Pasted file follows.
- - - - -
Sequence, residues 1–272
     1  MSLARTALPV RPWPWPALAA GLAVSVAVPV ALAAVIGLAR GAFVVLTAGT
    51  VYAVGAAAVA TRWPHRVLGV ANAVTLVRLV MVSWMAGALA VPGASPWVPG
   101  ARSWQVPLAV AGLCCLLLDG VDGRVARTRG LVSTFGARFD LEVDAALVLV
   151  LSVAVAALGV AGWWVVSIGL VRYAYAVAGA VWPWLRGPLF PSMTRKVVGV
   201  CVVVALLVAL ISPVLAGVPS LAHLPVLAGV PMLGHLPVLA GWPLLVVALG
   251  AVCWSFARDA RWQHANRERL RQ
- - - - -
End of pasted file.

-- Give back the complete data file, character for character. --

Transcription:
Sequence, residues 1–272
     1  MSLARTALPV RPWPWPALAA GLAVSVAVPV ALAAVIGLAR GAFVVLTAGT
    51  VYAVGAAAVA TRWPHRVLGV ANAVTLVRLV MVSWMAGALA VPGASPWVPG
   101  ARSWQVPLAV AGLCCLLLDG VDGRVARTRG LVSTFGARFD LEVDAALVLV
   151  LSVAVAALGV AGWWVVSIGL VRYAYAVAGA VWPWLRGPLF PSMTRKVVGV
   201  CVVVALLVAL ISPVLAGVPS LAHLPVLAGV PMLGHLPVLA GWPLLVVALG
   251  AVCWSFARDA RWQHANRERL RQ